Frankly speaking you are an idiot as you should know that chapter 11 proceedings are in fact designed for preparing the company to emerge STRONGER and as a much more viable entity. Debt will be cut substantially lowering break-even levels and making Paragon a highly competitive company during this downturn that might even be able to pick up some distressed assets themselves later in the cycle.
I think the shares will be worth close to zero pretty soon. The company has a $160 mln bond maturity due in October and they don't have the money to pay it back. This will go the same way like LDK and Suntech.
Yes, hiring prominent bankruptcy lawyers always gives investors great faith in their company I guess. Lazard is on board to advice on the new capital structure while the lawyers will negotiate the exact terms with banks and bondholders. Current equity will be wiped out and banks and bondholders will then own a new company with much lower debt and stronger competitiveness.
This looks like wishful thinking. Remember the company has another short term bond maturity in October (around $160 mln). At this point it looks highly unlikely that the company will be able to make that payment.
This is ultra low margin China business and I would bet the contract has already been included into the company's most recent projections. Overall this is a great chance to get short some shares here.
Of course it has. Perhaps you should think about the fact why the company hired one of the most prominent bankruptcy lawyers alongside Lazard to assist with this review. Bankruptcy is a given now.
This is plain dumb as Quiksilver already said that the shares will be worthless. Even worse the shares will be cancelled after the new Quiksilver emerges from chapter 11 shortly.
Carl obviously does not think that Endo (or anyone else) will buy the company as otherwise he would have actually bought the shares outright instead of going after the converts at a huge discount.
Again - VVUS won't be able to pay that convertible back in 2020 anyway - so they will have to address this bond at some time going forward and that's exactly why Carl is bidding for those bonds currently. They would simply agree to a much lower conversion price and that's it.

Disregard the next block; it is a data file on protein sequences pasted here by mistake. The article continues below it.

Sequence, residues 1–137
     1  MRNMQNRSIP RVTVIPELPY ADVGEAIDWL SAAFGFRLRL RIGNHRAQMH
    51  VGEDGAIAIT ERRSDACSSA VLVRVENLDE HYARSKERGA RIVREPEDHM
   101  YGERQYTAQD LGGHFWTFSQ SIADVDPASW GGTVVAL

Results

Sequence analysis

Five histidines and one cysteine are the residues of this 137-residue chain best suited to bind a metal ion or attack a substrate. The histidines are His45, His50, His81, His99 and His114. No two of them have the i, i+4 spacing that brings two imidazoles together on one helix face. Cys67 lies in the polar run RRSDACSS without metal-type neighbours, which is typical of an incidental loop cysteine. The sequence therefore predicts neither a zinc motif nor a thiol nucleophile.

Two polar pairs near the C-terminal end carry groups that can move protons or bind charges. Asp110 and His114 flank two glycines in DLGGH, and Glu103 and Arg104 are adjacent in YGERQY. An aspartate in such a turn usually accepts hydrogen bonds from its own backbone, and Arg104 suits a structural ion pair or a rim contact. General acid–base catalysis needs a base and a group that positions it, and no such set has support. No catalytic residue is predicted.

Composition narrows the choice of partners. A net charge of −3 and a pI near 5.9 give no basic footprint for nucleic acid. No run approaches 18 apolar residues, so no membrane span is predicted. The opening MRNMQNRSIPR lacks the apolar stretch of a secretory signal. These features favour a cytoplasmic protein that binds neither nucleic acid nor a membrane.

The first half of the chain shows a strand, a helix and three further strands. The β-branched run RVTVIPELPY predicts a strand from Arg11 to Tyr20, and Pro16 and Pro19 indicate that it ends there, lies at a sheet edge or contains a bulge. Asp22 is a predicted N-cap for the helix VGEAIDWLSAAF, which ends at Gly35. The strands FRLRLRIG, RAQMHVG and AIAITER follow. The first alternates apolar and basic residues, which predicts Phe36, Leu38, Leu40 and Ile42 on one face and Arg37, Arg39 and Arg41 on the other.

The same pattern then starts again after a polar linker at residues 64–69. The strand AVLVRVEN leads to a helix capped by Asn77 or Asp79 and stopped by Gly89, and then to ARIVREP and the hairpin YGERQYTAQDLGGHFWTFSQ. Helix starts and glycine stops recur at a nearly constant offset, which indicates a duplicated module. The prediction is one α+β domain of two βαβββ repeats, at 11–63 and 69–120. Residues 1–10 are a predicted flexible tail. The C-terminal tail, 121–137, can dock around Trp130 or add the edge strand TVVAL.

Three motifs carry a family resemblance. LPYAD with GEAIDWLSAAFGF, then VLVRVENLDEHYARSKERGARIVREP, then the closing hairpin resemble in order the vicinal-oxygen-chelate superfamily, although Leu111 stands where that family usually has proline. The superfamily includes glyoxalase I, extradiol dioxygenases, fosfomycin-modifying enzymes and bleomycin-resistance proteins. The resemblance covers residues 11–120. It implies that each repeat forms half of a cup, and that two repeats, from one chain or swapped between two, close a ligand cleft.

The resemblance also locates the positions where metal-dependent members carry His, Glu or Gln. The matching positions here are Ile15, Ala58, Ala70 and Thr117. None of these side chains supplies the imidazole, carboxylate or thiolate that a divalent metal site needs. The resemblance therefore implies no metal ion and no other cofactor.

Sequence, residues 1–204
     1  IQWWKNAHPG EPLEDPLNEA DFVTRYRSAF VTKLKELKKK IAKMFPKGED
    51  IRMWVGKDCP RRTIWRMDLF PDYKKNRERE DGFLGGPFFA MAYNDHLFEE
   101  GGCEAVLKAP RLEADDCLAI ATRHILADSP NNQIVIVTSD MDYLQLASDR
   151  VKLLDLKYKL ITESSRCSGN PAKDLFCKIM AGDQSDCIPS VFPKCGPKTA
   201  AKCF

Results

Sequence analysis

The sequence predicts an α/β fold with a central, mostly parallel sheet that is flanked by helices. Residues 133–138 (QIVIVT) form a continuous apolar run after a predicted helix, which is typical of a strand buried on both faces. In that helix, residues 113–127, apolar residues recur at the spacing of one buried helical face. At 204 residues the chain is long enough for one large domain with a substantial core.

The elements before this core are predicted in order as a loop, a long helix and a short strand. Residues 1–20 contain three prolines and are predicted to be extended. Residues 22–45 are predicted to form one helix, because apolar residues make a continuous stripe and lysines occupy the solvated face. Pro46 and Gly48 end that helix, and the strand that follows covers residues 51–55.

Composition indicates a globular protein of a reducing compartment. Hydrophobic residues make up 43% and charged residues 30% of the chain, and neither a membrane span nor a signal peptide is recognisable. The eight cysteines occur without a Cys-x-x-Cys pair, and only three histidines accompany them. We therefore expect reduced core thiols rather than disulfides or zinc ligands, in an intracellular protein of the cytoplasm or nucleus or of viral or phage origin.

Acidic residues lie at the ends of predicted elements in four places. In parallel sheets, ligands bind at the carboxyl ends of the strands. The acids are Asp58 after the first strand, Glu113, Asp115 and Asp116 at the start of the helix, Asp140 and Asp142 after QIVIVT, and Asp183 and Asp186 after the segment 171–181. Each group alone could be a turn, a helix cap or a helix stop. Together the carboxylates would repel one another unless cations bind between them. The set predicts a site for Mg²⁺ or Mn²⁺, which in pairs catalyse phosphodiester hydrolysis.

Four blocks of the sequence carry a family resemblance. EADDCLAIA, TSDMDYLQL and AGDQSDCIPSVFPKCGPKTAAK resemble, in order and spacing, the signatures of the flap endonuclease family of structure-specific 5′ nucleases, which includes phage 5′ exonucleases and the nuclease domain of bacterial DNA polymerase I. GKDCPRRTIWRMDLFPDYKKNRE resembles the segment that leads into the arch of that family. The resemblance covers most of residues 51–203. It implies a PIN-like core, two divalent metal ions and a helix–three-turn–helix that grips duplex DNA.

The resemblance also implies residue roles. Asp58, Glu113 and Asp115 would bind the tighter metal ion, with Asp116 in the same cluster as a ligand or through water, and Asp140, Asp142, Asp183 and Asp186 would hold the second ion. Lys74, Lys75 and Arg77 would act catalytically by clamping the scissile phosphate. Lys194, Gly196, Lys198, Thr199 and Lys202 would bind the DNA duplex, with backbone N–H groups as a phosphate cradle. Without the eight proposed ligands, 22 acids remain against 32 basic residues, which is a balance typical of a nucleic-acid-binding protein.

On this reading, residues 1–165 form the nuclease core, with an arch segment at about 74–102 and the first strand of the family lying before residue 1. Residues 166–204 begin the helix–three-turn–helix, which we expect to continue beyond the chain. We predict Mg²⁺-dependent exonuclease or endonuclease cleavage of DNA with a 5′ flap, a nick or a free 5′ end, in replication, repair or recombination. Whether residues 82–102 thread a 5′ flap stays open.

When calculating with 70 mln outstanding shares and a share price of $0.18 the current value of the new DBG is roughly $90mln.
Graham shareholders get 47% of the new DBG shares so the value of Graham calculates to $42 mln currently. I have assigned the remaining market value of $48 mln to Hudson.
This is of course utter nonsense. Icahn in fact is positioning himself to swallow the company on the cheap in a future restructuring. Being the sole creditor of the company puts him in a senior position to all shareholders and moreover gives him superior negotiation power. He doesn't want to buy the company by paying a premium, he in fact is looking to get into the driver's seat by avoiding dealing with the current shareholders.
If his offer is successful he could just offer to Vivus to convert the $220 mln bond into new shares at a VERY LOW PRICE. The company would be debt free and Icahn would get a vast majority of shares all at once. This will be the most likely outcome here.
Vivus won't be in the position to pay back the bond in 2020 anyway given their roughly $10 mln cash burn rate per quarter so this issue will have to be addressed sooner or later.
The purchase price for Hudson was close to $100 mln two years ago and I think it is fair to say that the brand took some kind of beating (business wasn't great already before JOEZ swallowed them) under the JOEZ umbrella. So given that former Graham shareholders will own 47% of the new company the caclulation looks pretty easy at 18 cents:
Graham valuation $42 mln
Hudson valuation $48 mln
JOEZ managed to devalue the brand by 50% within eight quarters. While clearly ugly I guess Hudson wasn't worth even close to the $100 mln JOEZ paid at that time.
I would expect the company to file more information on these issues around the closing date of the transaction. For now I guess $100 mln doesn't look too cheap for investing into a black box. I suspect Graham to be another Tengram investment that did not go so well just like Hudson did before JOEZ finally acquired them (a major mistake) so I would doubt that combining two lefts will make a right here.
Of course that doesn't work. Bankruptcy proceedings always require legal action. But we are talking about a restructuring outside court with Icahn as the company's sole creditor. He might propose to convert the bonds into new equity at prices substantially below the current share price and effectively get control of the company this way.
It will be automatically stopped out once the shares cross $1.80 as said above...